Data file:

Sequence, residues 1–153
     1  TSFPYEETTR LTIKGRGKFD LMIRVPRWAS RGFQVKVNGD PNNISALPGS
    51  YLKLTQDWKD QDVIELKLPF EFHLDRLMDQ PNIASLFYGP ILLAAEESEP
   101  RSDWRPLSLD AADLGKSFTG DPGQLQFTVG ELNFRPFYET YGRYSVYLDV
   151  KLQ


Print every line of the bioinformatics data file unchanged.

Sequence, residues 1–153
     1  TSFPYEETTR LTIKGRGKFD LMIRVPRWAS RGFQVKVNGD PNNISALPGS
    51  YLKLTQDWKD QDVIELKLPF EFHLDRLMDQ PNIASLFYGP ILLAAEESEP
   101  RSDWRPLSLD AADLGKSFTG DPGQLQFTVG ELNFRPFYET YGRYSVYLDV
   151  KLQ